Worth adding some context here - my sister is studying for a Masters in Psychodynamic Therapy and I am studying for an MSc in Neuroscience. We talk about neurodiversity and mental health a lot, from a place of curiosity and academic knowledge. I feel this is important to say here because there are many misconceptions about how Autism Spectrum Disorder/Condition presents and this statement wouldn’t have had the same impact on me had it come from a source who a) didn’t know anything about ASD/ASC and b) didn’t know anything about me. Over the next few weeks I consumed literature on ASD and had penny drop after penny drop moment. Currently I am reading a fabulous book called Spectrum Women, a collection of stories from women with autism, and it feels like a huge hug. Like coming home. (For anyone who is now confused as to why I am reading a book about women with Autism when I identify as non-binary, I have experienced most of my life being perceived as ‘girl/female/woman’ by everyone else, and often by myself, so this book speaks to my own inner experience as well as how I have been treated and perceived by the world. My identity undoubtedly and inextricably includes ‘Woman.’)
Looking back on the moment in the garden I realise now that I was most distressed at being misunderstood after trying so hard to be understood. Feeling misunderstood is something I am very familiar with, and have since learned that it is a very common feeling among autistic people.
Having discovered these two huge things about myself, I wanted to see if there was any connection between them. I quickly ran into unhelpful and dangerous headlines such as;
‘Are non-binary people actually just autistic?’.
Headlines like this are unhelpful because they create a false dichotomy - suggesting that autism could somehow masquerade as having a non-conforming gender. It’s like asking if people who drink orange juice are actually just deficient in vitamin C - it makes no sense, you can be/have/do both or neither, just because there is a connection between orange juice and vitamin C deficiency, doesn’t mean that the two things are the same. The dangerous part is that it suggests a possibility that gender identity diversity doesn’t really exist, which directly contradicts the lived experience of a whole community of people and paves the way for transphobia, abuse and discrimination.
I also found some incredibly helpful and enlightening information written by neurodiverse people who identify as non-binary or genderfluid (the latter is actually a much more snug fit for me I have recently realised - I don’t feel like I am non-binary, I feel like I move between, through, across the gender spectrum dependent on lots of other factors - it’s a lot of fun!). Increasingly it’s becoming clear to me that reading things written by neurotypical people about ASD/ASC, or straight, cis people about being queer, is exactly like reading what white authors think about racism. Distracting and unhelpful at best, damaging and dangerous at worst - unless directly supporting, echoing and lifting up the points of view of members of the community they are talking about (true allyship). One cannot write authentically about an experience they have never had - a truth that many of us find hard to swallow, but when we find a way to do so, we transform the way we can show up for each other. Dr Wenn Lawson, autistic advocate, researcher, and psychologist, said:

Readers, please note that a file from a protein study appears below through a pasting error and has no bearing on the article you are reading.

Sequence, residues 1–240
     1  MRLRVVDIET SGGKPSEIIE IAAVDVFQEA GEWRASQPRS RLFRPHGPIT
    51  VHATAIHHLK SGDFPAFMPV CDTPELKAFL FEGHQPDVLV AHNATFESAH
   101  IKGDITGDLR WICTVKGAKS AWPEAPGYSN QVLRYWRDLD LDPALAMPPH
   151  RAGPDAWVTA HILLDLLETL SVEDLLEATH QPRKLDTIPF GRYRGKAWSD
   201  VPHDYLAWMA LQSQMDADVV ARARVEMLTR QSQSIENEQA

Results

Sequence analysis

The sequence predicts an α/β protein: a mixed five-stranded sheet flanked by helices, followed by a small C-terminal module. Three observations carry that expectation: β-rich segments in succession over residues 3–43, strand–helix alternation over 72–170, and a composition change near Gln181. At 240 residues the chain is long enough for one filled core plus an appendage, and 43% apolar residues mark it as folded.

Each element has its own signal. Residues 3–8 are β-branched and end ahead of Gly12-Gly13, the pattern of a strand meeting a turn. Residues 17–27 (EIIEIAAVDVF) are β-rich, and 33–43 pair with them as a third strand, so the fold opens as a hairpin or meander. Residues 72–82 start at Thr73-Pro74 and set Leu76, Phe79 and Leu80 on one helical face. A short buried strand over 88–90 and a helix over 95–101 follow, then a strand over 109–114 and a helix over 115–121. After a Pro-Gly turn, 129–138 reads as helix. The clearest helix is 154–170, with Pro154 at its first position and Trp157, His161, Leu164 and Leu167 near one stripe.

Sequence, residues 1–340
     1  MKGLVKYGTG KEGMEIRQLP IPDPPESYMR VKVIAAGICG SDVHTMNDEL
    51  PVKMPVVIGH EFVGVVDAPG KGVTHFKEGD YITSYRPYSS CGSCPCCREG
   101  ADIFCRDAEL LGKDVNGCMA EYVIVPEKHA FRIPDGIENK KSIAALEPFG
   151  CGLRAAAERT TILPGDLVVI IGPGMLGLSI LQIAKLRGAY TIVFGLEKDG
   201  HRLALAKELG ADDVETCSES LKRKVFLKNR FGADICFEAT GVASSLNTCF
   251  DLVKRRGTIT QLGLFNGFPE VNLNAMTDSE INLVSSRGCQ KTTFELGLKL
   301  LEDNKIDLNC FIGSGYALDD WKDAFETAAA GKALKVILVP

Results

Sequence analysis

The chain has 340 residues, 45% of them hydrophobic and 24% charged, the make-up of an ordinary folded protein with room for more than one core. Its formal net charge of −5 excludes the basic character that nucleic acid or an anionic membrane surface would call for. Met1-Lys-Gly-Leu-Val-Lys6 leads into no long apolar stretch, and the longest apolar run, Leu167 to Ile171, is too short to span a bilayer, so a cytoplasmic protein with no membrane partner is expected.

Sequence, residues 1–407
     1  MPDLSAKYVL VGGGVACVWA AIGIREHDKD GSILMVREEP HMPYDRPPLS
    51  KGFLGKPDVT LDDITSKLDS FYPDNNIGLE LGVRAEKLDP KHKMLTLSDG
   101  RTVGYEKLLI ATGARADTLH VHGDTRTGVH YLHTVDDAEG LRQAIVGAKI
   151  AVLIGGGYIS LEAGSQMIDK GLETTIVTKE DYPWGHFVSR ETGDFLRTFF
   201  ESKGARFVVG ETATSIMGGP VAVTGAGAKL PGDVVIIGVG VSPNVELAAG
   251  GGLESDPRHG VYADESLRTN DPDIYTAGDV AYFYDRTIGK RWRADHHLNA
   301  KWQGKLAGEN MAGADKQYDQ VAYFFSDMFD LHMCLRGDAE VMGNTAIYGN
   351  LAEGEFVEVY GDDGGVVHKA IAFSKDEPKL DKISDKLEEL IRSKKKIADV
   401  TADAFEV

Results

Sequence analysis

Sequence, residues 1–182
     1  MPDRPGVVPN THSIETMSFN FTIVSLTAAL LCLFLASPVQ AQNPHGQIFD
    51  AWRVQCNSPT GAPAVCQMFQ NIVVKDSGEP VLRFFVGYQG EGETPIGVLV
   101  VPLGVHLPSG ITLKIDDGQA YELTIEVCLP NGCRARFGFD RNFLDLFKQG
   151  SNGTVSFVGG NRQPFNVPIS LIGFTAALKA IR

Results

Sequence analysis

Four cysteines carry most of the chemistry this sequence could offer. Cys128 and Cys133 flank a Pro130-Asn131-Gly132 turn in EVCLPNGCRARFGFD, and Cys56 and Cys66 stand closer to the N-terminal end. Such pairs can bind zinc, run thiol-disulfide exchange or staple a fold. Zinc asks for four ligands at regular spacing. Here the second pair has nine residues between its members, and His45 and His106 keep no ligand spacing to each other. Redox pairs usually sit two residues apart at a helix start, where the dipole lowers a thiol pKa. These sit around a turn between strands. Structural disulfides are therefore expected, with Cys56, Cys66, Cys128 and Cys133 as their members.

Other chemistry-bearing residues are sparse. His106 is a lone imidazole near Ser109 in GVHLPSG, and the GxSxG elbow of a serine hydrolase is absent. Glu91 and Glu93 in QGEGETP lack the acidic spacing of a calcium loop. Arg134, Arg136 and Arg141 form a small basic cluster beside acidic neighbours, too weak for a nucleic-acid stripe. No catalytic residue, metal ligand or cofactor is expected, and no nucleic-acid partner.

"The non-autistic world is governed by social and traditional expectations, but we may not notice these or fail to see them as important. This frees us up to connect more readily with our true gender."
This was one of the most resonant things I have ever read in my entire life. I don’t feel bound by social or traditional expectations in my thoughts. That’s another interesting thing about autism. So much literature on ASD/ASC focuses on behaviour, and in those most studied forms of autism - behaviour is all that can be observed as the autistic person cannot communicate how they think or feel. In other experiences of autism, in my experience of autism, I am controlling my behaviour. You can’t necessarily watch me and make an assessment. I choose what you see and don’t see. So if you look at my behaviours on the whole - I look neurotypical, cis and straight. I present as female and I am misgendered by strangers every day of my life.